Grübel says return to profit is just the start for UBS
Growing pace of outflows shows Swiss bank has a long way to go to complete turnaround story
UBS finally returned to profit for the fourth quarter of 2009, reporting net income of SFr1.2 billion with even its investment banking division chipping in SFr300 million and no longer being encumbered by large fair value adjustments on its own debt or bad investments. Investors will no doubt welcome the bank’s first positive result since the SFr283 million it recorded in Q3 of 2008, which was followed by four consecutive loss-making quarters. But there will be no wild celebrations.
Its results reported today also show that the loss of customer assets in the private wealth management division continued unabated in the final quarter of last year, when outflows reached SFr33 billion, exceeding the pace at which clients pulled their funds out of UBS in the second and third quarters of 2009. Investors in UBS stock are unlikely to place much faith in the capacity of the new senior management team to turn the bank around until these client outflows stop.
However, Oswald Grübel, chief executive of UBS, argues that this first success – returning to headline profitability – will give the bank a much better chance of stemming client defections and even reversing them. In a wide-ranging interview in the February edition of Euromoney, he says: “I talk to a lot of clients who want to know what is going on at the bank; always one of their key concerns is that they want to see us turning profitable again. No one likes a bank that’s losing money.”
So this is a highly significant moment, according to Grübel.
“We are making progress in returning to profitability. That will certainly help with clients who have reduced the amount of money they hold with us – partly out of consideration of our reputational damage and the hideous mistakes we made – but who are waiting for us to turn profitable again before they do more business with us. Money will absolutely flow back. I am convinced of this. And in the meantime we are improving the offering for clients.”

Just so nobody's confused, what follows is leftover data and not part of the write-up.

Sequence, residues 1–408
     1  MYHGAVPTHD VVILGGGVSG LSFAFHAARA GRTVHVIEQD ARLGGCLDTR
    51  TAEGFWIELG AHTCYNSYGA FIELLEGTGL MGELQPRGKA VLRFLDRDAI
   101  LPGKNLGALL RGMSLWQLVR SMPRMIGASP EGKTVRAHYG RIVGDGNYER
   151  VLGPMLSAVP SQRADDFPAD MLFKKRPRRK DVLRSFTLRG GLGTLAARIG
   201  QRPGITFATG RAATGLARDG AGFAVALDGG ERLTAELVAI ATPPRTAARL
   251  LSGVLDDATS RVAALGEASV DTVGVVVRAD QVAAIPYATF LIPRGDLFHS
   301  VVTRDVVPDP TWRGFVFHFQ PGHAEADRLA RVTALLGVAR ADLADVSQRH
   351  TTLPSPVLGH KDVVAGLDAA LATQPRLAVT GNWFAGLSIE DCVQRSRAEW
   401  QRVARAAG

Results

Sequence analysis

Matthew Clark, analyst at Keefe, Bruyette & Woods, points out that UBS shares on the eve of its earnings announcement were just 7% above the level at which the bank raised capital last June. Global equity markets have risen 13% over the same period. He says: “We believe UBS remains an attractive play on the recovery of a high quality and resilient collection of businesses.”
Even while losing client assets under management, the wealth management and Swiss corporate and retail bank divisions together achieved SFr1.1 billion of profit for the final quarter of 2009, up 40% on the third quarter thanks to cost cutting. And Grübel is hopeful that the bank can improve on this. He says: “The key challenge for us is not just to attract client funds but to convince clients to do something with those funds, to invest them rather than leaving them in cash.” He is overhauling the way in which the bank operates to make this more likely. “If we have a strong opinion on markets, we need to get it out to private clients fast – to be more sales-focused, rather than simply wait for financial advisers to pluck it out from the bank’s systems.”
Read the full interview:
Euromoney February 2010
Oswald Grübel was shocked when he turned up at UBS a year ago by its lack of integration and poor risk management. He is trying to mend the bank’s tattered reputation and staunch the outpouring of client money. But his biggest challenge may be convincing the markets that his methods are working.